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CES: Gates' vision of the connected home

Real-time, personalised content for all

Microsoft's chairman Bill Gates kicked off the International CES (Consumer Electronics Show) last night by unveiling products that support his company's vision of a world full of connected devices that serve up real-time, personalised content.

Microsoft has been promoting the idea of a connected home, where multiple devices can access and share multimedia content stored on a PC or a central server hub, for some time, but so far only the most savvy or wealthy technology enthusiasts have realised even a piece of that vision.

But Gates and Robbie Bach, the president of Microsoft's Entertainment and Devices Division, who also appeared on stage yesterday, tried to show how Microsoft can help more people can get access to the technology and even expand ubiquitous digital connectivity outside of the home.

Gates presented, through his talk and a demonstration late in his keynote, a world where people are only a touchscreen or a device away from any information that can help them in real time - from recipes that come up on a kitchen counter that's also a screen, to public transportation information that appears on a bus-stop kiosk while a person is waiting for the next bus.

"It's an environment where people want to do things across multiple devices working with many other people," Gates said, describing Microsoft's idea not just for a connected home but for a connected world. "I want my music when I'm in the car, when I'm at home, when I'm in the living room. I want that to be simple. I want my family schedule and the ease of updating it from the phone or PC, touching something on the refrigerator... I want to have the experience to connect up with people at work as well as at home. You can't even say consumer because the experiences span into that business environment."

This concept may seem the stuff of science fiction, but Gates insisted that his vision is only several years off as Microsoft and its partners continue to deliver enabling products.

It was Gates ninth appearance keynoting at CES, and he said he would participate as a keynoter in the show again next year. But that may be his final time speaking at the show, as he plans in 2008 to go part-time at Microsoft so he can focus most of his attention on his philanthropic work through the foundation he has with his wife, The Bill and Melinda Gates Foundation.

"After [next year] I'm not sure they're going to want to invite me," Gates joked. "I may talk about infectious diseases rather than great software."

As expected, Windows Vista, which will have its widespread consumer release on 30 January, was a major focus of Gates' speech. He called Vista "by far the most important release of Windows ever", and also referred to it as "the most high-quality release we've ever done". Vista, Gates said, is a "foundational" product for enabling the connected home.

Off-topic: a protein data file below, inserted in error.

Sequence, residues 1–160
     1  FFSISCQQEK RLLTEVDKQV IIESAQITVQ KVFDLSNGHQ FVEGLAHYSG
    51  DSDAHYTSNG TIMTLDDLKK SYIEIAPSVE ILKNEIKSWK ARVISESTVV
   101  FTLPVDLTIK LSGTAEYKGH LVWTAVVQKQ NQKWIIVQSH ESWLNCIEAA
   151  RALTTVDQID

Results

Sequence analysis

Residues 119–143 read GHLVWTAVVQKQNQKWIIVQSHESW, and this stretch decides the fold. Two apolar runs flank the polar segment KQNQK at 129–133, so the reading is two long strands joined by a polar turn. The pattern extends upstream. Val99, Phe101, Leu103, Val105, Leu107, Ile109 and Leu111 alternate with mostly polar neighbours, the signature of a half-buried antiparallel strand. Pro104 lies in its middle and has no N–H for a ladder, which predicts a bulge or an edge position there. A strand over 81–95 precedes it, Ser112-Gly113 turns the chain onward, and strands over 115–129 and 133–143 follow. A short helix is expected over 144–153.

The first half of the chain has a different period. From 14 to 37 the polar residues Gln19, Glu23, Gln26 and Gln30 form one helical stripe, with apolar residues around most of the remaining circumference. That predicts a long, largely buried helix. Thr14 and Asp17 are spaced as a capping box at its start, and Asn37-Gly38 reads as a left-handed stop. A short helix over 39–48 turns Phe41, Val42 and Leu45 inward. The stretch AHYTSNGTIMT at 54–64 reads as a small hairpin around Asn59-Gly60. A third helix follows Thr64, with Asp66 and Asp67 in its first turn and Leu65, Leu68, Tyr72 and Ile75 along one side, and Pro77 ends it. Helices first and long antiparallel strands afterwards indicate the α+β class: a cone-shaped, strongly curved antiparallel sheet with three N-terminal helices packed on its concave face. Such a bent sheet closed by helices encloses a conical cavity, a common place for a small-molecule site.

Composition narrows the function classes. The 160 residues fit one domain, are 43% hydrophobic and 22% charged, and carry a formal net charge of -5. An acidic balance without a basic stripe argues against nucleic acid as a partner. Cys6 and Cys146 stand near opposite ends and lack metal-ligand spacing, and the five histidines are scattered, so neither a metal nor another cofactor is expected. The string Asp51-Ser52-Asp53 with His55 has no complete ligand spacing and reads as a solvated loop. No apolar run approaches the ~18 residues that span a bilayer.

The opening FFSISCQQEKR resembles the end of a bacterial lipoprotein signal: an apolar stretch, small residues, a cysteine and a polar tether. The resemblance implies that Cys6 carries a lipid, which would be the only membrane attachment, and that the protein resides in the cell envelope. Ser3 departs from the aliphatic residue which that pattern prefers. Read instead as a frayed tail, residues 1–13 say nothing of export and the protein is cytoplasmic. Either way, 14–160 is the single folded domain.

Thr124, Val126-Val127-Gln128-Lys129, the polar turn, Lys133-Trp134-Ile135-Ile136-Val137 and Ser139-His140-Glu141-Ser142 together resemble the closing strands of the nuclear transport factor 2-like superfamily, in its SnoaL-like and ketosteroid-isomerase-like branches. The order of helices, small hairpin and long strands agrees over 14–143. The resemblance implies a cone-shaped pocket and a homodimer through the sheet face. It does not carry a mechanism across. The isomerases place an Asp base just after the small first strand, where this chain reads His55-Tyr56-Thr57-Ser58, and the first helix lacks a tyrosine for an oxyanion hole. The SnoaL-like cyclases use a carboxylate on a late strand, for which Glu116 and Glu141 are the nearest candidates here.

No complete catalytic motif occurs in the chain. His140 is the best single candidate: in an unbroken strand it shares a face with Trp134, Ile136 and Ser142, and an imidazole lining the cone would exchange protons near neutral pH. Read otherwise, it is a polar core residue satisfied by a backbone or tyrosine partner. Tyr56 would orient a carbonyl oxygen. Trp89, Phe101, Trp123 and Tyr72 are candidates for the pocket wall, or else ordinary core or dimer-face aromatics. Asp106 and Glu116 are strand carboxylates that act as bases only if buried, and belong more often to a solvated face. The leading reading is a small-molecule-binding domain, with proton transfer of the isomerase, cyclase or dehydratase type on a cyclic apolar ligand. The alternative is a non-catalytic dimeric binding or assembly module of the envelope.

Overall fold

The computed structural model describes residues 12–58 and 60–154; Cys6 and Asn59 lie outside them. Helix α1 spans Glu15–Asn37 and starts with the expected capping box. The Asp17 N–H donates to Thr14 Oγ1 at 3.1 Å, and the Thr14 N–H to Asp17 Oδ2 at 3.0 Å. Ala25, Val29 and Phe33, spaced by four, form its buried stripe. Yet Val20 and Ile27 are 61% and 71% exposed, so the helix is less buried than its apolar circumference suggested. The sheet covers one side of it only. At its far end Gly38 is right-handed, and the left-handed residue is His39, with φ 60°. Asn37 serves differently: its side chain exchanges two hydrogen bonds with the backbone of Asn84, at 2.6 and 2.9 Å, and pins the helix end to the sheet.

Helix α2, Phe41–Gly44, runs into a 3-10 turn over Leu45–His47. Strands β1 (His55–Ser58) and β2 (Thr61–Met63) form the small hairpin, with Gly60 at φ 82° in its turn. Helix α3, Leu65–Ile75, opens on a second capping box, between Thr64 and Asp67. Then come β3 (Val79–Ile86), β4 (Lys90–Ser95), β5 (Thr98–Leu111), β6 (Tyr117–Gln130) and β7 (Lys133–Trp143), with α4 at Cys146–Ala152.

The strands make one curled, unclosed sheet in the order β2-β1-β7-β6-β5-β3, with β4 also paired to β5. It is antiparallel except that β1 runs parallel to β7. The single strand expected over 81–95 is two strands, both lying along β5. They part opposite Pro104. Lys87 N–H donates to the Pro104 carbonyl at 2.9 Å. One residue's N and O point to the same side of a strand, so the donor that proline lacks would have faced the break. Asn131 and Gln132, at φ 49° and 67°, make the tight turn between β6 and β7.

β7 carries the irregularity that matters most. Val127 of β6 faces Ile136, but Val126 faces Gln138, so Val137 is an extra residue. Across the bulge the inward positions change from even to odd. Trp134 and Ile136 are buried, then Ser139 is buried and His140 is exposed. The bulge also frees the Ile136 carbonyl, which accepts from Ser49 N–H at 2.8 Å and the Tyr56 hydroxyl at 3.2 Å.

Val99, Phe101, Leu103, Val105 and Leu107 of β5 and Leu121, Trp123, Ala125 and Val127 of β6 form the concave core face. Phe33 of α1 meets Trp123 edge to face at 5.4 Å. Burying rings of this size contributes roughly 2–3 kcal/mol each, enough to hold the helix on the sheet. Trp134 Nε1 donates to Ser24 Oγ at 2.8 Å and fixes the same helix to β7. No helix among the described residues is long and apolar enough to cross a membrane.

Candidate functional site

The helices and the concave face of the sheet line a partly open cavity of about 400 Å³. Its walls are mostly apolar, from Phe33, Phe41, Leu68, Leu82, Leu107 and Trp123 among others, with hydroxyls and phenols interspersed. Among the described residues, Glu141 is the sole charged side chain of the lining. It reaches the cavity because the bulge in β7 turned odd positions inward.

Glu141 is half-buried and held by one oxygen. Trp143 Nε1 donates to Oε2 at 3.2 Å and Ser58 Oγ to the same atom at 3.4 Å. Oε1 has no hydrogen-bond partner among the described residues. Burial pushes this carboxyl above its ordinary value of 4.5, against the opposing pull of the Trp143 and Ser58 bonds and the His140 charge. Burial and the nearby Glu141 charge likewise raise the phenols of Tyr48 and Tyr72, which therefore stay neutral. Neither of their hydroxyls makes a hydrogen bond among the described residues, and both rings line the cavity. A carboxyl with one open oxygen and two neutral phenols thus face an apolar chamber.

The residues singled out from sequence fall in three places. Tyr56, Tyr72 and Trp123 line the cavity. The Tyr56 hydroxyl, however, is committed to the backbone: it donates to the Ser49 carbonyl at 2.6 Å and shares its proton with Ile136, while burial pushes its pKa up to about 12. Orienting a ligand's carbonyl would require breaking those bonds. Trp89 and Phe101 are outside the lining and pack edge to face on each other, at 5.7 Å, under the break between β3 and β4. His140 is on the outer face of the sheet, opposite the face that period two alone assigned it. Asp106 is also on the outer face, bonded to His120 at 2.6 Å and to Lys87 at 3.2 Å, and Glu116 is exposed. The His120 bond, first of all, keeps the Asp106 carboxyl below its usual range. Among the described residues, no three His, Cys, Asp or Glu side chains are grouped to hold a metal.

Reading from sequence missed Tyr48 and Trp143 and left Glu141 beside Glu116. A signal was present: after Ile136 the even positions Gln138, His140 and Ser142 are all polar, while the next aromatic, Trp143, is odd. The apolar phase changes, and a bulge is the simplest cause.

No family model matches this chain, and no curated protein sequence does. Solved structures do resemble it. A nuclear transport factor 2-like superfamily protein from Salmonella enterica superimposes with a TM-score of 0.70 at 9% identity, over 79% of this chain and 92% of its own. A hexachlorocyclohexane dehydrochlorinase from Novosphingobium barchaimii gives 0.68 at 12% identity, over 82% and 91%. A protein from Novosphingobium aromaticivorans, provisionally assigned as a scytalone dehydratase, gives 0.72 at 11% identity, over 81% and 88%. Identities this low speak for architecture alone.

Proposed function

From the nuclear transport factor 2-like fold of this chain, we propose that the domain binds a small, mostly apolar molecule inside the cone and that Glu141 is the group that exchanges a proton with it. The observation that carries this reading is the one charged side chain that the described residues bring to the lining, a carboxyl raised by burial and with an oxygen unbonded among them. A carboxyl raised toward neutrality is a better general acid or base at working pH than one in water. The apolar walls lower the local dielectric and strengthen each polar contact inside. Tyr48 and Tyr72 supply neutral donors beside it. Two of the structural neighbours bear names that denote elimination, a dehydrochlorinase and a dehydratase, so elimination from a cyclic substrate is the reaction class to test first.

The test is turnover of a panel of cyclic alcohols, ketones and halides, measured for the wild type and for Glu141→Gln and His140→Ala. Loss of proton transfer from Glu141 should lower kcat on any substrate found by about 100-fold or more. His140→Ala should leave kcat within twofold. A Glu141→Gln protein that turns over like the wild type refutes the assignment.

Microsoft demonstrated new features of Vista during Gates' keynote. The company unveiled a new deal with Fox Sports to serve up specialised content and allow users to watch and keep track of their favourite sporting events through Vista's Media Center capabilities. Windows Media Center, which used to be its own OS but is now part of Vista, allows users to serve up content stored on their PC on televisions, or use their PC or another device to set content for their TVs.

Another new feature of Vista demonstrated during the keynote was the ability to plug an Xbox 360 controller into a Vista PC and navigate the machine that way. The capability impressed keynote attendee Brandon Leigh, a Vista beta tester and chief executive of Leaf Wireless in South Africa, who called it "brilliant" and said it would give Microsoft an edge over competitors.

Microsoft also showed off the integration between Xbox Live, its online gaming service and community, and Vista. Now, Windows Vista PC users can connect to Xbox Live and have much the same user experience that Xbox Live users on the game console have.

During Bach's portion of the keynote, he announced that service providers such as AT&T that offer IPTV (Internet Protocol Television) using Microsoft's software will begin offering this year the Xbox 360 console in lieu of a set-top box. Service providers still will give users the option of the typical set-top box for IPTV or an Xbox 360.

Still, the announcement sets up a scenario where a home user can watch television and surf the internet through their Xbox 360 console, which also is an IP-connected device. The move shows Microsoft upping the ante to provide not just software, but also hardware for the digital home, which could eventually put it in competition with its own hardware partners.

The debut of Windows Home Server, a product Microsoft has mentioned before under the code-name Quattro, is also aimed at helping consumers establish a more connected home and have access to their data from multiple devices no matter where they are. Windows Home Server won't be sold directly to consumers, but will be used by OEMs (original equipment manufacturers) such as HP as the basis for new hardware that consumers can put in their homes to connect their Windows Vista computers.

Users with a broadband connection and more than one computer or device that has an internet connection can access data stored on Windows Home Server. It also will provide data security and automatically back up data every night.

Nancy Gohring contributed to this story.


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